Bone recession and your natural anatomy can place the maxillary sinuses too close to the upper jaw to safely accommodate a dental implant.
A sinus lift can safely reposition the sinus membrane and add bone tissue so you can take advantage of an implant-supported restoration.
Why would I consider this surgery?
A sinus lift is often the first step Towards a completely rehabilitated smile.
Setting the Stage for Dental Implants:
Like tooth roots, dental implants require a certain amount of bone tissue for support. Without adequate bone tissue, dental implants may not be an option for you.
Dental implants halt the bone recession that follows tooth loss. With proper care, your augmented upper jaw will retain its bone tissue, allowing you to experience the benefits of implants for decades.
Depending on the state of your upper jaw, placing implants could easily harm the maxillary sinuses without first undergoing a sinus lift.
Here's how it works:
Are dental implants really worth it?
*According to a study published in Clinical Oral Implants Research.
Let's break it down...
What does a sinus lift cost?
Despite the benefits dental implants provide, the procedure and preparatory treatments rarely qualify for insurance coverage. A sinus lift can cost about $1,600 to $2,400 per side, and implants can each cost up to $3,000, not including the restoration. However, you must consider that a traditional denture will need regular adjustments as the jaw changes shape. Each adjustment incurs a fee, and can require you to wear a temporary denture in some cases. Meanwhile, the denture will remain prone to slipping when you are eating and speaking. The time and hassle you can avoid by choosing dental implants can justify the price, and there are many low-interest and interest-free financing options available to help you budget for the procedure.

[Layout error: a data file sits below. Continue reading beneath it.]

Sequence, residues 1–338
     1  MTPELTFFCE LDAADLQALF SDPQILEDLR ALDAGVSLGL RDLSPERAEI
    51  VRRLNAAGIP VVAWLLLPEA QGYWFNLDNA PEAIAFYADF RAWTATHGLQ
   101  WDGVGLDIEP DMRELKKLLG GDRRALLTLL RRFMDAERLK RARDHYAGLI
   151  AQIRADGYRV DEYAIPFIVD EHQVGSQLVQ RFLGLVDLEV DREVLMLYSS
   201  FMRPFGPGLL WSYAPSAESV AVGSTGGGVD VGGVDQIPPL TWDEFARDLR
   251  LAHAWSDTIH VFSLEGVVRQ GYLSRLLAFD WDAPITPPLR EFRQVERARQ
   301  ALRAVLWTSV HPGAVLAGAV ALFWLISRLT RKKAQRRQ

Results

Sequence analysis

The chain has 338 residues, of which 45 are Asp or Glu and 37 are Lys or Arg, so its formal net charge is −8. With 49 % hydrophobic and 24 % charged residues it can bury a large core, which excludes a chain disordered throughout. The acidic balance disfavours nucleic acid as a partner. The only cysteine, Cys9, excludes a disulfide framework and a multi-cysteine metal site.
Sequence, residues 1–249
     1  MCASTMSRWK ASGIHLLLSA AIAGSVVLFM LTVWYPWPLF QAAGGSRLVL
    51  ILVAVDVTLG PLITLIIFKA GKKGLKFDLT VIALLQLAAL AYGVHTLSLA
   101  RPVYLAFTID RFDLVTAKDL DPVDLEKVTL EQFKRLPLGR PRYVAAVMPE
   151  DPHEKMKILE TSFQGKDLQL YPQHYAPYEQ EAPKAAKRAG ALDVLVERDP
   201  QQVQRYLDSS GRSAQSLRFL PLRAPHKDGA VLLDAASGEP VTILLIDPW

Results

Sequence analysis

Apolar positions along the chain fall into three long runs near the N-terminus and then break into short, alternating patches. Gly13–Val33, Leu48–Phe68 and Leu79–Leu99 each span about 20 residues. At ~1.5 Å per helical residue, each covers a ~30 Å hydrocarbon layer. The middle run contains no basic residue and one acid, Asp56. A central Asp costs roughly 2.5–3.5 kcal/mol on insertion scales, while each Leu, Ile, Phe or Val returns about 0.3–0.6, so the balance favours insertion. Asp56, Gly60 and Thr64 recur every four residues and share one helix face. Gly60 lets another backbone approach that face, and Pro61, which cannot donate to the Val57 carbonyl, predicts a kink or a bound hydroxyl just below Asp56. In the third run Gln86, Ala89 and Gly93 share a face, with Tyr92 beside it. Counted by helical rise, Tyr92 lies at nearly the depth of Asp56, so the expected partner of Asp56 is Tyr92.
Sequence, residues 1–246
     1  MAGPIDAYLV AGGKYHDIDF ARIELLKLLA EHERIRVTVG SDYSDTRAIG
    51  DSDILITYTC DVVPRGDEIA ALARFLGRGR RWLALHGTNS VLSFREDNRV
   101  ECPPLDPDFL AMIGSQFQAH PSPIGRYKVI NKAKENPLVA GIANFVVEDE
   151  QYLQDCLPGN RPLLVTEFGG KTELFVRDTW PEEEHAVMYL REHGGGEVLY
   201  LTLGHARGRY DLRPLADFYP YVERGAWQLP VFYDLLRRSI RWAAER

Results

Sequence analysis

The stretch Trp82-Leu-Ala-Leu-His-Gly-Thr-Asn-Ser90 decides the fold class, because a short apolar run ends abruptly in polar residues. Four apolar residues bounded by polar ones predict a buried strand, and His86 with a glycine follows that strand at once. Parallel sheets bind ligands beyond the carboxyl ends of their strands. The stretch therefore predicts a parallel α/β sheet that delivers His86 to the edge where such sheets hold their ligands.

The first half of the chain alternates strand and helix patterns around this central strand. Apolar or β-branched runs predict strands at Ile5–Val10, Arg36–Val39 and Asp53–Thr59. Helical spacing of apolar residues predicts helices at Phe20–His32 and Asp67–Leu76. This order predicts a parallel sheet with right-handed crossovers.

What does a sinus lift involve?
The Sinus Lift Procedure
Your dentist will take x-rays to determine how much of a lift is necessary.
On the day of surgery, you will receive local anesthesia and sedation to ensure your comfort. Next, an incision is placed in the gums, exposing the bone tissue that serves as the sinus wall.
A "window" incision is created in the bone, and the sinus membrane is gently lifted.
Grafting material is used to fill the resulting space.
During a healing period that can take four months to a year, the graft will become integrated with the jaw and spur the growth of new bone tissue.
Once your dentist has determined that the graft has completely healed and you can safely receive implants, he or she can begin planning your implant placement surgery.
Is there another option?
Your dentist may offer alternatives.
If your dentist believes that your sinuses lay too close to the treatment site to safely place standard dental implants, there are shorter implants that may be a viable option. However, there are conflicting reports regarding the effectiveness of these implants. Some studies have shown that they are not as strong, while others have found comparable success rates when short implants are used to support dentures. Your dentist can help you make an informed choice.